Update: the letter seems to have had its desired effect: Emilia and Isabelle’s father has changed his mind and will vote “remain” – “I will vote for the future that you chose”, he told them.
Britain’s too-close-to-call referendum on EU membership has split the country, but also divided families.
With a large generation gap around voting intentions in Thursday’s poll, two sisters’ public plea to their parents could represent a hidden trend.
Isabelle O’Carroll, 34, wrote a joint letter with her sister Emilia to try and persuade their mother and father to change their minds over wanting to quit the EU.
Pollsters say a majority of people over 55 want to leave Brussels, while 69 percent of those under 35 will choose to stay.
O’Carroll, based in London, wrote a 2,000-word piece responding to an email from her mother, which set out her reasons for wanting to leave.
The journalist’s response included addressing accusations that the EU represented a federal super-state that behaves like a dictatorship.
She wrote to her parents: “You are obviously entitled to your own opinion and it’s better to discuss these things and have a healthy debate than to not say anything at all.
“That said we are both concerned that you may not have sight of the facts and truths with which to make a real, educated choice on what is an incredibly important decision, with far greater impact on us and our children, than on you.”
The letter concludes
“Facts have been very, very thin on the ground in the Leave campaign, and as more people defect from the campaign – Baroness Warsi who has been documented as being pro-Leave since 2014, was the latest to defect, because of Farage’s hateful media campaign and the ‘lies’ spread by Michael Gove – it becomes clear that while there might be room for EU reform, a referendum campaign based on xenophobia, distorted figures and fear-mongering is not the best approach and is having a dangerous effect on the UK as a society and community.”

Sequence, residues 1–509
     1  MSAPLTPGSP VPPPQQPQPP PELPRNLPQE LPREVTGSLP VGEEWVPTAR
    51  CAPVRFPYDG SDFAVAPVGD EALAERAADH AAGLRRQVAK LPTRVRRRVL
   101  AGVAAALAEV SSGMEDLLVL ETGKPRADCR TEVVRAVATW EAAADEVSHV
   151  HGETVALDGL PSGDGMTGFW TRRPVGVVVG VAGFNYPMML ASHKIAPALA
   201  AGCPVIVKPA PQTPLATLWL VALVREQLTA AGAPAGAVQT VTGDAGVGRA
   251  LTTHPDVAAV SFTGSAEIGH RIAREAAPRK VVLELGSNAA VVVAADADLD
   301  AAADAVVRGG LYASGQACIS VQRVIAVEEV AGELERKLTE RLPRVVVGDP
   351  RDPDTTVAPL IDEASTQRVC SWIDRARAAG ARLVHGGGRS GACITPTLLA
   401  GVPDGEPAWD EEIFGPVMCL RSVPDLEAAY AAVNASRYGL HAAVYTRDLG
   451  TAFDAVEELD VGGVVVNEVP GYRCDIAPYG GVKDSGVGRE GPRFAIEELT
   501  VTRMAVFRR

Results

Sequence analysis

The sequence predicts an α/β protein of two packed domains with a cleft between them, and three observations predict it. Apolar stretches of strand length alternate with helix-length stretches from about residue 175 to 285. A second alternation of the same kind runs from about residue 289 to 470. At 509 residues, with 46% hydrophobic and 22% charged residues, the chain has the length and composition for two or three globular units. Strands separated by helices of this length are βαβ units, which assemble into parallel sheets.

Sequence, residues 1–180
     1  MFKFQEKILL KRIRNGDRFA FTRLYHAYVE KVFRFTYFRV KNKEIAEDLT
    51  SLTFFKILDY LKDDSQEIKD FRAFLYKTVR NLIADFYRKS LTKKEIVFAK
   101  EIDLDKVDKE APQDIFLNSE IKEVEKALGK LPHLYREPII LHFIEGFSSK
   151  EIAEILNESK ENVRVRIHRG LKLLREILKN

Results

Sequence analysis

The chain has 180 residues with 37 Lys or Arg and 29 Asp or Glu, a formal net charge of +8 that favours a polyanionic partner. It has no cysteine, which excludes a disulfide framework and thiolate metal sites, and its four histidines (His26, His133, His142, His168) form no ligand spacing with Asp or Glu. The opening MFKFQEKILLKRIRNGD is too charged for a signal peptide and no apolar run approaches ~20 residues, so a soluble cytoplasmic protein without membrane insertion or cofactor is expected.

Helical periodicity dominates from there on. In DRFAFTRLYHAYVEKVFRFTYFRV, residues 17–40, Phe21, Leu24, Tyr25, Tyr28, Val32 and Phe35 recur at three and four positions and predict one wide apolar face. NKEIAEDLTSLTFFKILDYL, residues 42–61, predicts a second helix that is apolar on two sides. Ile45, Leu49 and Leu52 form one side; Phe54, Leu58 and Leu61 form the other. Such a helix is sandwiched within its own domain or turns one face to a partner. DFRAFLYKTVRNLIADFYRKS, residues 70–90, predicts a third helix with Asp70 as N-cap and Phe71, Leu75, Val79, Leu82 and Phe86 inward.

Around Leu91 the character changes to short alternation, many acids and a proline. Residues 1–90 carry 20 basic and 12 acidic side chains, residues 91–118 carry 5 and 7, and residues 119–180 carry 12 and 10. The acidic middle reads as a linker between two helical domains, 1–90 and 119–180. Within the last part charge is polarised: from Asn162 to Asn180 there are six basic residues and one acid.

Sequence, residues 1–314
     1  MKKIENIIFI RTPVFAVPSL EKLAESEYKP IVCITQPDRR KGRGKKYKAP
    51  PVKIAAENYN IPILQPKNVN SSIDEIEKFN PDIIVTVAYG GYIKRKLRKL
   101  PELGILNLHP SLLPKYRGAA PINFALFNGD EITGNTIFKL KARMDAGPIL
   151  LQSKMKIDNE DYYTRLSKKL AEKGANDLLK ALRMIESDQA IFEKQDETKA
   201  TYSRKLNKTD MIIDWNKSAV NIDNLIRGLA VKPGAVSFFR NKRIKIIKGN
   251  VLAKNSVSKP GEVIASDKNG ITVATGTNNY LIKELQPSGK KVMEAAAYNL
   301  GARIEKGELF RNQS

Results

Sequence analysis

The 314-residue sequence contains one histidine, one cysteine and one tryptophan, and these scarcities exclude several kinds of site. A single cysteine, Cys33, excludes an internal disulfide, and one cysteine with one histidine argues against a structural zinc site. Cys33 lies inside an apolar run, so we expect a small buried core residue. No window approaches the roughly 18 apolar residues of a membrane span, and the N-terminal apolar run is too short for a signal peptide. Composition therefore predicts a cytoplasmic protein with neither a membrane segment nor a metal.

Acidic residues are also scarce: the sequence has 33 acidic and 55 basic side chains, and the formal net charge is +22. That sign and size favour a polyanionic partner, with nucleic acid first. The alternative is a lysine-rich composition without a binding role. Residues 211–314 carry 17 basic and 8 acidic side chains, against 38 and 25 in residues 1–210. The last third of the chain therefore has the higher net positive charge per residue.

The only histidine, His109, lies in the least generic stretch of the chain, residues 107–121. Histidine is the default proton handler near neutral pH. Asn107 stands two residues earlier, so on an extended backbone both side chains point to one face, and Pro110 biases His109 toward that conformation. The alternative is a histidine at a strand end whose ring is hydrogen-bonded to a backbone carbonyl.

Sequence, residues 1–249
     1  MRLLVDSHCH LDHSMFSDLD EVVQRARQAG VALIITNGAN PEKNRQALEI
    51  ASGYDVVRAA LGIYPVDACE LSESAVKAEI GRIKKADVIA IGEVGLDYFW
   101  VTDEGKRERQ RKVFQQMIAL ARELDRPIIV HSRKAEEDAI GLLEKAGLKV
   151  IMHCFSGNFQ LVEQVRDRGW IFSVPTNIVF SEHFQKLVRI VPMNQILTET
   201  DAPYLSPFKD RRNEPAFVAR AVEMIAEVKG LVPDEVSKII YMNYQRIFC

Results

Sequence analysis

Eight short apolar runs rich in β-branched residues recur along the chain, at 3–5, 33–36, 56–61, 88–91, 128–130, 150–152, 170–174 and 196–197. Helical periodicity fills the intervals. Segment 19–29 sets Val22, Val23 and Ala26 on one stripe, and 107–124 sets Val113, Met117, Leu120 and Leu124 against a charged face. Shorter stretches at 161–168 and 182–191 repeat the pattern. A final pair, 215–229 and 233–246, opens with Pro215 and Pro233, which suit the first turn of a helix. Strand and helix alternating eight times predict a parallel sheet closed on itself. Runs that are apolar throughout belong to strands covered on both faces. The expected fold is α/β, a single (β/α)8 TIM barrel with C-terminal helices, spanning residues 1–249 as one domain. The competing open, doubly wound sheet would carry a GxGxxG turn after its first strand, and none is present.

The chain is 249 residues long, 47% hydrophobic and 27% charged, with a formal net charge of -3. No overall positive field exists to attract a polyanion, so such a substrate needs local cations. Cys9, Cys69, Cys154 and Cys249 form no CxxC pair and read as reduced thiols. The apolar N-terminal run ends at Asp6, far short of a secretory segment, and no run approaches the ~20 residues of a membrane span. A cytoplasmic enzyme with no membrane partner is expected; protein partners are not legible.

Those fighting to keep Britain in the EU have been trying to get the young to vote, but also to persuade their parents and grandparents.
O’Carroll, later speaking to Euronews, said: “After we asked her how she was voting, my mum wrote us an email, in French, detailing why she wanted to vote leave. The leave campaign has been full of dangerous rhetoric and out-and-out lies, so we wanted to try to balance out some of the misinformation.
“Our mother is French, our father is Irish, my maternal grandfather’s family fled Iran in the 1910s, escaping religious persecution. We are a family of immigrants who have benefited from a unified Europe.
“My parents’ generation is one that had access to affordable housing, free education, free healthcare and pensions at 60. For us these things either no longer exist or are in jeopardy and yet our parents’ generation are willing to bequeath us years of potential political and financial instability that will continue long after they are gone.”Read the full letter